27. DNF after 30 mins with PUTSCH, CUSTODY and PREPOSSESSING missing. I actually wrote down putsch but didn’t know it was a word so didn’t put it in the grid. Don’t know why I could not solve Custody as it’s a straightforward clue. Not sure I am happy with prepossessing meaning delightful. Attractive, yes.

    Anyway, rest of puzzle was great and went in quickly so on balance an enjoyable end to the week.

  28. Enjoyably quick, I thought, but then stuck on LOI PUTSCH. Finally forced to look up Place to get Put, then penny finally dropped. POI CUSTODY.
    Thanks vm, Curarist.

  29. Very pleased to come home in 26 minutes today, as I struggled to get going and experienced several mind blanks, which threatened to ruin the day. My last four in were PUTSCH, SLEIGGT, RUBBERNECKING and MORES.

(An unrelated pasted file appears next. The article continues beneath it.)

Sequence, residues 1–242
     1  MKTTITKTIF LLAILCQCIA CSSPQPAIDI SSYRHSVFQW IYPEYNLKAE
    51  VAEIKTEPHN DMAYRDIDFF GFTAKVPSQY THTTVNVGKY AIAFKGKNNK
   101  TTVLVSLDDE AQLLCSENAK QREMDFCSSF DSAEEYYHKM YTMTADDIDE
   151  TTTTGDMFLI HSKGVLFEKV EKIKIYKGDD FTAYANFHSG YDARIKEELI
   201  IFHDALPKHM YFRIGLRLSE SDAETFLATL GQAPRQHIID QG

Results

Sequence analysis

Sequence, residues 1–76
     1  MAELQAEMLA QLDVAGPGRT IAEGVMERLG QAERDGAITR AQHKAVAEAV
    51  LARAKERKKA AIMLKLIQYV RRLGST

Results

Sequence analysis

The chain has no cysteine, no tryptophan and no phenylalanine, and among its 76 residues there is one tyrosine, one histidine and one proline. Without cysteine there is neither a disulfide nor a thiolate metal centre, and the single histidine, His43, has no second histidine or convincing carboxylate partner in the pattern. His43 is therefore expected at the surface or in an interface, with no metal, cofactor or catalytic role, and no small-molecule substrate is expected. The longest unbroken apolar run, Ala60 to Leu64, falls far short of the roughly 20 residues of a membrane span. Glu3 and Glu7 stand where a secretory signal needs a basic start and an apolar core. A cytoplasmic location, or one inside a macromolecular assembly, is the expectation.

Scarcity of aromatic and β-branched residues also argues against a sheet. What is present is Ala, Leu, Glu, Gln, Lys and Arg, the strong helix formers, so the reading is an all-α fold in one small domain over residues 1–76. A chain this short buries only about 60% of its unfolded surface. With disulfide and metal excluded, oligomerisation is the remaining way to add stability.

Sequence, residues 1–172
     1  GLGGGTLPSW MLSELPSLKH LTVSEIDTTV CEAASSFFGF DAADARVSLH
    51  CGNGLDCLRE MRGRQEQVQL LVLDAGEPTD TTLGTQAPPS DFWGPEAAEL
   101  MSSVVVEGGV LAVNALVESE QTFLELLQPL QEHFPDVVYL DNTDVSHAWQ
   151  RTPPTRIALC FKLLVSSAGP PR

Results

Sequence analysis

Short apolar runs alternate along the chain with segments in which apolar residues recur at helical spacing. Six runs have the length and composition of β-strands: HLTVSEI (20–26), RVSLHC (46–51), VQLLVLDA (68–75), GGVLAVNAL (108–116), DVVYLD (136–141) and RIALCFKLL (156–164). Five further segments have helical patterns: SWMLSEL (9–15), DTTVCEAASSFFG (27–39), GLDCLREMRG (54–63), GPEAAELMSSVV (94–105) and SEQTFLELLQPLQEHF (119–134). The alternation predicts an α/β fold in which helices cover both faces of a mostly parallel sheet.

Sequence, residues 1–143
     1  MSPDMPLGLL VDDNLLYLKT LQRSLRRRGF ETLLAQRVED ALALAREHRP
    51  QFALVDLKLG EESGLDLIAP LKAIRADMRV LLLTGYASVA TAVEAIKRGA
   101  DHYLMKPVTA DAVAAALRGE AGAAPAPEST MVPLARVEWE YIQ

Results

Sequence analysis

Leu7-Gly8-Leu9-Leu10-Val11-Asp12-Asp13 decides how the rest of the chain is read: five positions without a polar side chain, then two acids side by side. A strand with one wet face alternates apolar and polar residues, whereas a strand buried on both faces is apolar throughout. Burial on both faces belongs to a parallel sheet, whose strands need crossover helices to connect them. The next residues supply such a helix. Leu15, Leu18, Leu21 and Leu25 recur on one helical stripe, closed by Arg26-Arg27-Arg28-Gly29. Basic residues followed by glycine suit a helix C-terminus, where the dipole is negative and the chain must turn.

Is LEGIT a real word?
    I definitely didn’t fully parse everything, so I kept my fingers crossed as I read the blog.

    Many thanks to Rongo and Curarist.

    1. LEGIT is legit in my view. My Chambers agrees, showing it as an informal (not abbreviated) form of legitimate.

    2. M C Hammer had a song “Too Legit To Quit” back a few decades ago. Not sure what he meant there by “LEGIT” though!

  30. Seemed relatively straightforward when I was doing it and I thought I really should have posted a better time than my 19 mins. Lost time after puzzling over a non-existent anagram at 6dn. Didn’t get too many of the across clues on first pass but had better luck with the downs and then it was a case of steadily filling in the blanks. Thanks to Rongo for an enjoyable puzzle and to Curarist for the blog.